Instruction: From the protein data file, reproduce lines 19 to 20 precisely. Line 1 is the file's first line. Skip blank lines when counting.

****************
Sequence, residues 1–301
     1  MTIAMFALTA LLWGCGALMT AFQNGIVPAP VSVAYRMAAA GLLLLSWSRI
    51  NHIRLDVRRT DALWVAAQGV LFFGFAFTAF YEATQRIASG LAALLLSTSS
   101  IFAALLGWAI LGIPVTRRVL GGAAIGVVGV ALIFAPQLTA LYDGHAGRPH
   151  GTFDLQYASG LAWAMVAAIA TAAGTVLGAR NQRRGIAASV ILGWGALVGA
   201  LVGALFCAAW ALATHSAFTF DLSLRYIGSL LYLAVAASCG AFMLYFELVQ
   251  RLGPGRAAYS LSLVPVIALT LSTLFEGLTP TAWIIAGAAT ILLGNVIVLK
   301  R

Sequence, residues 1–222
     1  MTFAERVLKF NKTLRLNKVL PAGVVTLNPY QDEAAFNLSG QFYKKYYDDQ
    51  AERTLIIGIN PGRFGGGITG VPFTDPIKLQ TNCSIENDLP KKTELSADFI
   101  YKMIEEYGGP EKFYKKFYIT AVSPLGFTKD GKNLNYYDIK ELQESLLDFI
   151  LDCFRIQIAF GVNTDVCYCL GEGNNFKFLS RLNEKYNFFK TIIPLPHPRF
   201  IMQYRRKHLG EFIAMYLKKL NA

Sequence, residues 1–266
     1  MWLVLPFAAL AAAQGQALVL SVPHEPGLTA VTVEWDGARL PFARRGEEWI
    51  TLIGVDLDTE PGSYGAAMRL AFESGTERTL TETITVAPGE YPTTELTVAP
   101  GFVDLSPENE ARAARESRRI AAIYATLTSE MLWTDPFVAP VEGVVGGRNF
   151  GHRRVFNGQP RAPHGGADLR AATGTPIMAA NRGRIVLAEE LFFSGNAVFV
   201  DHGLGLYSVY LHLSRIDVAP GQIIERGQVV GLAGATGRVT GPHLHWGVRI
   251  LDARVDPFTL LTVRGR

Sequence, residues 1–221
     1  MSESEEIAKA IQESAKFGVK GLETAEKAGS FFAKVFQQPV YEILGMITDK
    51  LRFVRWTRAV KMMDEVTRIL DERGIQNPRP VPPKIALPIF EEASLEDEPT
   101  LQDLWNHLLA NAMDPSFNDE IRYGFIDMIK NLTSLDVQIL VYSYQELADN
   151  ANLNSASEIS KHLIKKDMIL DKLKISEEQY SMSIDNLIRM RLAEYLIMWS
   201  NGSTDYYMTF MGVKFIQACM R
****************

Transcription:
   151  GHRRVFNGQP RAPHGGADLR AATGTPIMAA NRGRIVLAEE LFFSGNAVFV
   201  DHGLGLYSVY LHLSRIDVAP GQIIERGQVV GLAGATGRVT GPHLHWGVRI